Free Widgets from ViralHeat Let Web Publishers Track Social Media Buzz
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built its own technology from scratch, from Web crawlers to the software that sucks in data from Facebook and Twitter to the analytics and user interface. “Other companies in this space haven’t built their own aggregation infrastructure, so they have to take all that data they aggregate and ship it off to someone else to process it, and even the raw data has to come from somewhere else. We wanted everyone to have that data, not just big brands and PR agencies, and that has forced us to be really innovative.”
Kadam co-founded Viral Heat in July 2009 with Vishal Sankhla. Both were formerly software engineers at Network Chemistry, a Wi-Fi security startup acquired by Aruba Networks (NASDAQ: ARUN) in 2007. In just over a year they’ve won more than 5,000 customers, and their Linux back end processes 70 to 80 million social-media mentions a day. The goal is to deliver data that’s no more than 8 minutes old, Kadam says.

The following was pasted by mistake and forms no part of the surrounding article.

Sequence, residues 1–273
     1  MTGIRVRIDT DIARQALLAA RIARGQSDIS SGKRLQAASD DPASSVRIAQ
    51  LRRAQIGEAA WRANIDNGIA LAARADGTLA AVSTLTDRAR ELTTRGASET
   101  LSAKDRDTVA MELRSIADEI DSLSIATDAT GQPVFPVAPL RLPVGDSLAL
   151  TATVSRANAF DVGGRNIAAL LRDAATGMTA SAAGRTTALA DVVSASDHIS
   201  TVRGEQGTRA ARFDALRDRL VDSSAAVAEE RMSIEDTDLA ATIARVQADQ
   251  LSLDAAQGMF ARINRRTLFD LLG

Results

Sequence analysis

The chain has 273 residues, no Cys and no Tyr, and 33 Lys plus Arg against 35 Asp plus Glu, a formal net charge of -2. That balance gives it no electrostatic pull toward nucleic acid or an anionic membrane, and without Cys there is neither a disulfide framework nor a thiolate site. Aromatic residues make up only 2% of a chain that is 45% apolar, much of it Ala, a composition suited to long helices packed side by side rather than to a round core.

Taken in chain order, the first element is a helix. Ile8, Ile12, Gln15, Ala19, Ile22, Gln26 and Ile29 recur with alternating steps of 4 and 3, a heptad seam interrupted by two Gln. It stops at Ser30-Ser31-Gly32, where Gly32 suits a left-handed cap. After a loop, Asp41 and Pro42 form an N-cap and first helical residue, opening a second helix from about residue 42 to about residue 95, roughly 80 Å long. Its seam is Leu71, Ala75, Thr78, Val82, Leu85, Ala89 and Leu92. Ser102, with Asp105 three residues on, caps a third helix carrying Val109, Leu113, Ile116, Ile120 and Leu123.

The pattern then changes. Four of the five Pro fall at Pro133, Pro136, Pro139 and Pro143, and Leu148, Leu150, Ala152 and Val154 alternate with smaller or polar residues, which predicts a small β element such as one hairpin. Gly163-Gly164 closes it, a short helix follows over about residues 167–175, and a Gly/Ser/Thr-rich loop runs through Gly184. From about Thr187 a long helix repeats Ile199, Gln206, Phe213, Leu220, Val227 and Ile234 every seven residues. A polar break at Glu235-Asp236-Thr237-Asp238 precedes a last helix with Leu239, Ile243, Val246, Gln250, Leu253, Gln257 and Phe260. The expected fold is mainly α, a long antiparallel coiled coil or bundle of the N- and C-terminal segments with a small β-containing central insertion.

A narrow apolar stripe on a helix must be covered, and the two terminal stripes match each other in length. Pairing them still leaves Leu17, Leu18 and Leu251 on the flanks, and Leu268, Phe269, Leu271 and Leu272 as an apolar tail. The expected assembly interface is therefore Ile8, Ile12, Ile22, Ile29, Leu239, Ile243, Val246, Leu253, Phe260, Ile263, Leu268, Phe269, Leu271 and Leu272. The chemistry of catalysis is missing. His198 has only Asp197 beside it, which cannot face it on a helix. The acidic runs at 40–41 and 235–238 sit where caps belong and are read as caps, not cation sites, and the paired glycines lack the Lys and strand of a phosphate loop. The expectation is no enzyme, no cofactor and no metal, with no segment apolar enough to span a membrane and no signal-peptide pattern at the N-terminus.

The four-employee startup is already profitable, according to Kadam. It can afford to give away the Social Trends data because its infrastructure is so scalable, and because the data shown in the free widgets is only a small slice of what paying customers see.
“If you’re looking at a profile for Bill Gates, for example, we’ll give away five types of data for free, but inside the product there are far more data points, like sentiment, viral influence, traffic analytics. All that is stuff you’d have to pay for”—and it’s the kind of information going into ESPN’s pending NFL “Power Rankings,” a kind of living infographic tracking the buzz on every NFL team. “For publishers, this brings a whole new level of relevance to whatever they are writing about,” says Kadam.
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